In the pages that follow, you will discover the many facets of stormwater. You will see how University employees can reduce stormwater pollution throughout daily operations. You will also find the special programs and investigations the University is implementing in an effort to determine and eliminate the sources of stormwater pollution on campus. But, most importantly, you will learn what you can do at home and at work to help reduce the pollution of our surface waters.
We all need to do our part to:
"Keep our Michigan Waters BLUE!"
If a spill occurs and it is safe to respond, do so immediately. Secure the area with “Caution – Do Not Enter” tape, rope, or warning signs and inform your supervisor as well as others in the immediate area of the spill. Block any drains that could be impacted by the spill. This can be done using spill response materials such as a spill mat, drain plug, or berm. If these materials are not available, the drain can be blocked using any materials on hand, such as plastic garbage bags tucked around the drain or dirt piled around the drain to form a berm.
If assistance is required, contact UM OSEH at 3-4568 or the Department of Public Safety (DPS) at 911 or 3-1131. OSEH have response vehicle and materials for emergencies on campus.
If the spill is of a known material and is something you are comfortable cleaning up, then clean up the spill according to your department's emergency spill response procedures. When cleaning up a spill, be sure to protect yourself with any necessary personal protective equipment; familiarize yourself with the material safety data sheet for the spilled material; and be aware of any potential hazards associated with the clean up. When the spilled material has been cleaned up, place any contaminated materials in a sealed container. DO NOT dispose of spill debris or contaminated protective equipment into the general trash, down a drain, or into the ground. Never wash spilled materials down a storm drain or sanitary sewer, or allow them to evaporate. If any spilled material enters a storm drain or sanitary sewer, contact OSEH at 3-4568. The materials used to clean up any spill must be disposed of properly through OSEH. DO NOT place them in the dumpster . Contact OSEH at 3-4568 for proper disposal.
If improper dumping or discharge is observed on University property, immediately notify OSEH at 7-1143, or DPS at 3-1131. Report any off-campus dumping into Ann Arbor storm drains to the City of Ann Arbor Water Utilities Department at 994-1760.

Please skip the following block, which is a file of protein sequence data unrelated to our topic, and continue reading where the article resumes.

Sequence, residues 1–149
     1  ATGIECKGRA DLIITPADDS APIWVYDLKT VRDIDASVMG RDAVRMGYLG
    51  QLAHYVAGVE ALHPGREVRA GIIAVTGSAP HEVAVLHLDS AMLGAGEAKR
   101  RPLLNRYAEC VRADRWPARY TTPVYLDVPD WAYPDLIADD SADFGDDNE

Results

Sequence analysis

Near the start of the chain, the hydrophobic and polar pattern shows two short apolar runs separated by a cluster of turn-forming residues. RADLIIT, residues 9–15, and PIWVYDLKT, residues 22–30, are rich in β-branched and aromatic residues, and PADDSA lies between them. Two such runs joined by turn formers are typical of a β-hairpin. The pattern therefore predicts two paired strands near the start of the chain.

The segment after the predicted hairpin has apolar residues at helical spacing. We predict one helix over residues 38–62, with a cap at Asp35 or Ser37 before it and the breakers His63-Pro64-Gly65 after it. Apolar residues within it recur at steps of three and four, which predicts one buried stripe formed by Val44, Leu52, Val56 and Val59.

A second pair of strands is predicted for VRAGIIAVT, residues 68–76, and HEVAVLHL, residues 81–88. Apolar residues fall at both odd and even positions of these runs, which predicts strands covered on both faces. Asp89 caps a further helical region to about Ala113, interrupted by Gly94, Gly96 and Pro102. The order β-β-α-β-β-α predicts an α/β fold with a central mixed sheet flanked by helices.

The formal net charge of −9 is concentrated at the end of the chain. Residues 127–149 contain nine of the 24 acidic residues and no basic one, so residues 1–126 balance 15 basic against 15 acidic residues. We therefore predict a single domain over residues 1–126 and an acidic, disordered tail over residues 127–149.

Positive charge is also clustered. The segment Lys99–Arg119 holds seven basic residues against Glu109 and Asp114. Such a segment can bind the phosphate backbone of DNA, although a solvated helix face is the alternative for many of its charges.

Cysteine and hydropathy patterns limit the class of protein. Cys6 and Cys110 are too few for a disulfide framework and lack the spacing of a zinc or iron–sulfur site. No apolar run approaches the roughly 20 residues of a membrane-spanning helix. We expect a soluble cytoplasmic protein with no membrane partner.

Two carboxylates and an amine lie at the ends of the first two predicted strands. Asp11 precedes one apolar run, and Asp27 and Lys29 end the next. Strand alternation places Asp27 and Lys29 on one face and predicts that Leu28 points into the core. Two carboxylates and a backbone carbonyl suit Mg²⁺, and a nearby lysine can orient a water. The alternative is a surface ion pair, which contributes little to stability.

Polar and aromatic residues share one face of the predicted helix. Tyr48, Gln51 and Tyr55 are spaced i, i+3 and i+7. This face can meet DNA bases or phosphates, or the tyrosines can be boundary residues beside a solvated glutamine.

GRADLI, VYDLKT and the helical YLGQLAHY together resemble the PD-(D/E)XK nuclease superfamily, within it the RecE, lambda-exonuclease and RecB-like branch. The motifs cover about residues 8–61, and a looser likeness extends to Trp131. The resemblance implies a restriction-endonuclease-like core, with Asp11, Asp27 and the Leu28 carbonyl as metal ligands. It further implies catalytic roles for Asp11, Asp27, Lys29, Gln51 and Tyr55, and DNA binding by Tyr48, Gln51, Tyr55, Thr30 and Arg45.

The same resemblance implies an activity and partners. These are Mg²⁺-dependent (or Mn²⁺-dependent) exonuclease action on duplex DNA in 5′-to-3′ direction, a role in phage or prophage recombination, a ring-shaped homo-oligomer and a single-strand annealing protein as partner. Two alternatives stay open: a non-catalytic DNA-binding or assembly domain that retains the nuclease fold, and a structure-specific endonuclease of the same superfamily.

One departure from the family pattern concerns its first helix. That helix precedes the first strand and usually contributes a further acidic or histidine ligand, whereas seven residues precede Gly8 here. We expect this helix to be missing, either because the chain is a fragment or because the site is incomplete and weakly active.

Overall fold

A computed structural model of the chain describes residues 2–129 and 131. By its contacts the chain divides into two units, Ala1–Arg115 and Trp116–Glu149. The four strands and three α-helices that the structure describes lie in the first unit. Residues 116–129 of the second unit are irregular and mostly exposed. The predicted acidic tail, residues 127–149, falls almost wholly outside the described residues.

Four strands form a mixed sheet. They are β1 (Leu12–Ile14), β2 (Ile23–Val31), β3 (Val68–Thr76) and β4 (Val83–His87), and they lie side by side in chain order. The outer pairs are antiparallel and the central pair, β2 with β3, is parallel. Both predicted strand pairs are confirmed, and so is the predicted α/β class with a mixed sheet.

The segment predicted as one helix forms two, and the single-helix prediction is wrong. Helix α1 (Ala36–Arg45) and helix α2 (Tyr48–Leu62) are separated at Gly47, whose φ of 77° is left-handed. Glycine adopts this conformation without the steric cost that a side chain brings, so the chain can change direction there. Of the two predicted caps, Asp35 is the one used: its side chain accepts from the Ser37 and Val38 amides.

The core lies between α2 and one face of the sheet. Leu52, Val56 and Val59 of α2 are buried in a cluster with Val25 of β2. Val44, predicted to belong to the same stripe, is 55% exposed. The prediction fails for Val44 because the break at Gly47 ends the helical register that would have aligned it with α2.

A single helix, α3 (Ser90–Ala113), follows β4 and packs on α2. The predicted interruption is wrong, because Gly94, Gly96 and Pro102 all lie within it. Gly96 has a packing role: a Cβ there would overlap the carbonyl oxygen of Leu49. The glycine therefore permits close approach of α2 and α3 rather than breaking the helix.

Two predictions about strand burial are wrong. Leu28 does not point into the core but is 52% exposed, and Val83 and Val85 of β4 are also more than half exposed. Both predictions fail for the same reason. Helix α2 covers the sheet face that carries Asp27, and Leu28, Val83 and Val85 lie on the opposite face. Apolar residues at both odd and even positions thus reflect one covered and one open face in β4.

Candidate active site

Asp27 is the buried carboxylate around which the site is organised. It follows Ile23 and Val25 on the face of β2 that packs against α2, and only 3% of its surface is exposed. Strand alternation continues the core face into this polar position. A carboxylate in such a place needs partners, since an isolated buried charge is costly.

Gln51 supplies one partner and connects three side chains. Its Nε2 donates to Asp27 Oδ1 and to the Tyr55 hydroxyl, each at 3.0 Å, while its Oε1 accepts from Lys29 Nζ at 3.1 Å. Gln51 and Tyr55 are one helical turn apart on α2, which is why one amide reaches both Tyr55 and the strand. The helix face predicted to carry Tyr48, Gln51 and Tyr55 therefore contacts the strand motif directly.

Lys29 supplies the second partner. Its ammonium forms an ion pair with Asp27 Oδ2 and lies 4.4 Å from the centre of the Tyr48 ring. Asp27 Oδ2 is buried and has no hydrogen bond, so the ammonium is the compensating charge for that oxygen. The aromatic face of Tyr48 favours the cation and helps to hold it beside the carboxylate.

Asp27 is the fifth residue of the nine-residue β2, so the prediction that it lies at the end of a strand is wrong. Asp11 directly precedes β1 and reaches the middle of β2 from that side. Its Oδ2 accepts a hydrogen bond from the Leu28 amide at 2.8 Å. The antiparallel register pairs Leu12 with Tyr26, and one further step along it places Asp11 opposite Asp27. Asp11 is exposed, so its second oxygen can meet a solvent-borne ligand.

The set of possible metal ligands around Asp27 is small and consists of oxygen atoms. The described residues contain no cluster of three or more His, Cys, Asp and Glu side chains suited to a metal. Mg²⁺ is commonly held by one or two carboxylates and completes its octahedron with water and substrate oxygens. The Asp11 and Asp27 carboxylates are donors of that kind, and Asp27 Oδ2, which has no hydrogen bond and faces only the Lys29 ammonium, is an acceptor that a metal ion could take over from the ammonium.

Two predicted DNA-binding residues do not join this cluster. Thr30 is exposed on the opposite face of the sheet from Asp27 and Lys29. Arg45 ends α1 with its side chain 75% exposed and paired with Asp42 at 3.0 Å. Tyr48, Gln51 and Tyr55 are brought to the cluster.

Keep the staff in your department updated on emergency response procedures and conduct periodic review sessions. A copy of your department's procedures should be kept in your work area, including whom to contact in case of a spill, an evacuation route, and the location of spill response materials.
Train employees in advance on when and how to use spill response materials properly. Assign a person to test clean-up equipment periodically and maintain its inventory.
Rubber mats, temporary drain plugs, or berms should be kept in the area so drains can be blocked immediately. For small spills, use a chemical spill pillow or adsorbent material appropriate for the spill. For non-hazardous materials, adsorbents that can be swept or picked up such as sawdust, vermiculite, oil-dry, or activated charcoal may be used. Avoid the use of cat litter, it is relatively non-absorbent and increases waste volume.
If you have any questions or need assistance contact OSEH at 7-1143.
The Stormwater Management Program Plan (SWMPP) is prepared as a requirement of the University’s National Pollutant Discharge Elimination System (NPDES) Stormwater Discharge Permit. This permit is issued to the University of Michigan (UM) by the Michigan Department Environmental Quality (MDEQ). Our SWMPP describes measures, procedures and practices that UM will utilize to minimize the discharge of pollutants from campus into the stormwater drainage systems and adjacent receiving waters. In accordance with the Permit, the SWMPP is required to include the following topics:
- Public education and outreach program(s) on stormwater impacts
- Public involvement and participation
- Illicit discharge elimination program for the campus
- Post-construction stormwater management program for new development and redevelopment projects
- Construction stormwater runoff control
- Pollution prevention and good housekeeping practices for University Operations
- Total Maximum Daily Loads
- Huron River Watershed – (UM-Ann Arbor)
- Rouge River Watershed – (UM-Dearborn)
Click here to view the full plan.
Best management practices are an important tool in helping to protect storm runoff from the campus and ultimately, the Huron River. Below are a list of practices you can follow to assist with this important project.
- Deicing and Winter Maintenance
- Dye Testing
- Drainage System Maintenance
- Exterior Cleaning and Power Washing
- Facilities Planning and Design
- Flood Control
- Food Service Operations
- Fuel Dispensing and Vehicle Maintenance